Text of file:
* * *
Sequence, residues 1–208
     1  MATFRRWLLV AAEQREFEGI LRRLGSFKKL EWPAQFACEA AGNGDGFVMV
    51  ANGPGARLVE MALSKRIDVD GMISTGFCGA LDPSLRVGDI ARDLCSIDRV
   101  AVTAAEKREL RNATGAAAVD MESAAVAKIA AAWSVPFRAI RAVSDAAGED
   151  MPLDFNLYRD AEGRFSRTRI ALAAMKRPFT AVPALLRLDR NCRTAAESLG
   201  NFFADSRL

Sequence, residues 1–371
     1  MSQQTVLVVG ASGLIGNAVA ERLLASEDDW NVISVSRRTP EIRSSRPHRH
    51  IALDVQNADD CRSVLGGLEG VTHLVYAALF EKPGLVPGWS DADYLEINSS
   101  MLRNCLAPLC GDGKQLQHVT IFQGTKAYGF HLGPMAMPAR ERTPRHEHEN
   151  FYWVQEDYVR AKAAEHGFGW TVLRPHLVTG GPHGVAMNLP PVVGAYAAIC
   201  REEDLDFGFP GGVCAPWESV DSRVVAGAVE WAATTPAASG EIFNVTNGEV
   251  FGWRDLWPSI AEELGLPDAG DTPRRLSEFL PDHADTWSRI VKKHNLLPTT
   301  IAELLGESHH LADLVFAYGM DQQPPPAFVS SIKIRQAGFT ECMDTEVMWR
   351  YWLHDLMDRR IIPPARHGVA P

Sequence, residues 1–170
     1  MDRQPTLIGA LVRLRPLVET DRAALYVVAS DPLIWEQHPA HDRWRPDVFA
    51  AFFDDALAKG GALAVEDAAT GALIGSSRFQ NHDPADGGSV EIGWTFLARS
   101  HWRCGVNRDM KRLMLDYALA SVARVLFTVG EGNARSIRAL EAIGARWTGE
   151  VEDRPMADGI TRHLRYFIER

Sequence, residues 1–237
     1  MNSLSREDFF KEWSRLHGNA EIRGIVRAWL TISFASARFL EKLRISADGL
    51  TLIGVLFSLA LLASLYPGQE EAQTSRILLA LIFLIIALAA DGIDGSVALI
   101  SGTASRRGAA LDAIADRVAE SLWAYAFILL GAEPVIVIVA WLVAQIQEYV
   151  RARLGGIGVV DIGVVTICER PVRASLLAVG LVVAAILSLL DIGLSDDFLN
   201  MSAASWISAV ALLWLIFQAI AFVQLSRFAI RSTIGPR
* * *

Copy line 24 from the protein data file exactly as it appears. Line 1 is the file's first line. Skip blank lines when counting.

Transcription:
   101  SGTASRRGAA LDAIADRVAE SLWAYAFILL GAEPVIVIVA WLVAQIQEYV